The bottom up messages that are sent through the nerve is what we often refer to as a ‘gut feeling’ and encourage us to define how we feel about a certain situation. The signals work to encourage us to make decisions that deter us from upset or danger. Further research has shown that signals from our gastrointestinal tract can serve as a red flag in situations and prevent us from making mistakes’.
‘Gut feeling is often a physical response to real life events. They can be felt hence why people often make statements such as, ‘I have butterflies’, or ‘I feel nervous’. ‘Your gut feeling can go into overdrive after a breakup. Especially if you are replaying events to work out what went wrong. Meditation can be a great tool to calm the mind and aids in relaxing the nervous system’.
The science behind missing someone
After a relationship breaks down, it is likely that you will miss your ex – even if you instigated the break-up. Yes, really. ‘By now, we understand the body sees a surge in dopamine, oxytocin and serotonin when we experience love. If the person who instigated the release of the hormones is no longer around, the body will pursue them to once again experience pleasure. A study published in the journal of sexual medicine discovered that falling in love activates the same part of the brain as cocaine. Consequently, not only can you crave the person you fall in love with, you can also yearn for them.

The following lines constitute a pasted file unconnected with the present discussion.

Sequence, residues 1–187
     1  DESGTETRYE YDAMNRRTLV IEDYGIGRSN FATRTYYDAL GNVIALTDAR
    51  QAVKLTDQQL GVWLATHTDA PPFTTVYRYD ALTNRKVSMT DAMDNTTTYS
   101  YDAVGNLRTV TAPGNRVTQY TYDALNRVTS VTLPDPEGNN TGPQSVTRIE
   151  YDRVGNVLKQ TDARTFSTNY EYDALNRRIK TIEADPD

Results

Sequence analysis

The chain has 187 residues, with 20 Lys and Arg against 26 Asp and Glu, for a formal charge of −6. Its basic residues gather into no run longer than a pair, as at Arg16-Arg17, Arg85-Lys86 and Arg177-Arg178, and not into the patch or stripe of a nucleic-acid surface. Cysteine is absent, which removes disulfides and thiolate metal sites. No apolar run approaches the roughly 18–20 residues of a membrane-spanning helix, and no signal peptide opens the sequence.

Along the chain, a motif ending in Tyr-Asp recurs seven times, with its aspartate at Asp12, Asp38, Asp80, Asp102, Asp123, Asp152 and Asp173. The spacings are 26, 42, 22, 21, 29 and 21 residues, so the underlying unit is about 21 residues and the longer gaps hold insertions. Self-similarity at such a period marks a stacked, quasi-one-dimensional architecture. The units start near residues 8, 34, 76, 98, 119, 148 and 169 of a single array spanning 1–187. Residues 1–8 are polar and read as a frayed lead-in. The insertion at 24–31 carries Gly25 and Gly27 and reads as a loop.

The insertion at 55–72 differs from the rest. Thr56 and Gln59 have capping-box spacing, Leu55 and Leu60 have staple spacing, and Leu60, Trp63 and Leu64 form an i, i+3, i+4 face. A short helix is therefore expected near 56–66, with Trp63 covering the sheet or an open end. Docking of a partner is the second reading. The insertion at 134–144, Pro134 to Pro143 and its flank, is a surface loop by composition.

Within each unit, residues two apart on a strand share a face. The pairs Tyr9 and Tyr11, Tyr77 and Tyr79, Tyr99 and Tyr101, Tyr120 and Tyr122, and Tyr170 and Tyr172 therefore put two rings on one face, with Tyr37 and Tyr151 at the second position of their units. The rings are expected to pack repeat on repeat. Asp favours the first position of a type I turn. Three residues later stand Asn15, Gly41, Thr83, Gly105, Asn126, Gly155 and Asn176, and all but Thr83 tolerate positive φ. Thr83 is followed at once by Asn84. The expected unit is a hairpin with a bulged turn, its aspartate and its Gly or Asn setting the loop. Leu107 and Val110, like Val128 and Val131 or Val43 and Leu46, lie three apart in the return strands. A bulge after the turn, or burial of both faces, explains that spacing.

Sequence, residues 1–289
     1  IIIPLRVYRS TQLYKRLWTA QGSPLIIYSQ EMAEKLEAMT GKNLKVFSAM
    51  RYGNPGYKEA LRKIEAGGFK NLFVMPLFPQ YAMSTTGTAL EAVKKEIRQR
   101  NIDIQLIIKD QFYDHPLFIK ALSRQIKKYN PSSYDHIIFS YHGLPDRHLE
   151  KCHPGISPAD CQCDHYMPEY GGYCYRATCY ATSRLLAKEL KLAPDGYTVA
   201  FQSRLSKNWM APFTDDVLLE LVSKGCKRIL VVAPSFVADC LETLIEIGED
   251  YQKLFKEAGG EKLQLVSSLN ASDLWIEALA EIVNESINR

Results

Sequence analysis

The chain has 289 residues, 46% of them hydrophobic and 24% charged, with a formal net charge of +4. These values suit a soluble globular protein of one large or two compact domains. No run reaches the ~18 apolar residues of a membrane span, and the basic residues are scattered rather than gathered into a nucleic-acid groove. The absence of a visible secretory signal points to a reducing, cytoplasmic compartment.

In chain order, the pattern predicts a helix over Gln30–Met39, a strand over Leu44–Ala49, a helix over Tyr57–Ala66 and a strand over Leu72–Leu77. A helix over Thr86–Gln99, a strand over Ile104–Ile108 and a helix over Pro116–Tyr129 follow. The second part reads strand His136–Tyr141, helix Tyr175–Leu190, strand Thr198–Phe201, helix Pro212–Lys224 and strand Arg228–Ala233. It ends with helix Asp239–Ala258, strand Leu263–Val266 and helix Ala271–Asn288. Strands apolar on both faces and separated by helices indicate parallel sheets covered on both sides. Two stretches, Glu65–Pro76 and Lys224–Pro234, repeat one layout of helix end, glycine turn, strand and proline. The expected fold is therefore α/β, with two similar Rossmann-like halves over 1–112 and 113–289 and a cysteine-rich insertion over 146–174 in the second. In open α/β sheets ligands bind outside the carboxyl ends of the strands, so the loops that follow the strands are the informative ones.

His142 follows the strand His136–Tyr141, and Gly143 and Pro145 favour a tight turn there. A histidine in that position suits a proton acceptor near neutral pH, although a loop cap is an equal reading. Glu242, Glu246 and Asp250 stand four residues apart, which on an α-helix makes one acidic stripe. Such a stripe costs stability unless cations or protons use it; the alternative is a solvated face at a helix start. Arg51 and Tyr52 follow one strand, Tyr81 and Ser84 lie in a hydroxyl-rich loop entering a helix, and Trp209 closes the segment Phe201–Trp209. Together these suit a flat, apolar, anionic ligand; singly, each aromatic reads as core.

‘It is common practice that a couple form habits and traditions throughout their relationship’, says Briggs. ‘Whether it is watching your favourite Netflix series, eating at your favourite restaurant or going to the pub. When a relationship has ended it can throw your routines out of whack. It may lead to you feeling lost or at a loose end. Inevitably, there are things in a relationship that you simply do not have time to do, whether it is self-care, meeting friends, going to the gym, or visiting family.
‘It can be hard to be motivated when heartbreak is involved but make a list of all the things that you wish to do that will have a positive impact on your wellbeing. Throughout the week, slowly tick them off and gradually you will begin to enjoy additional time.’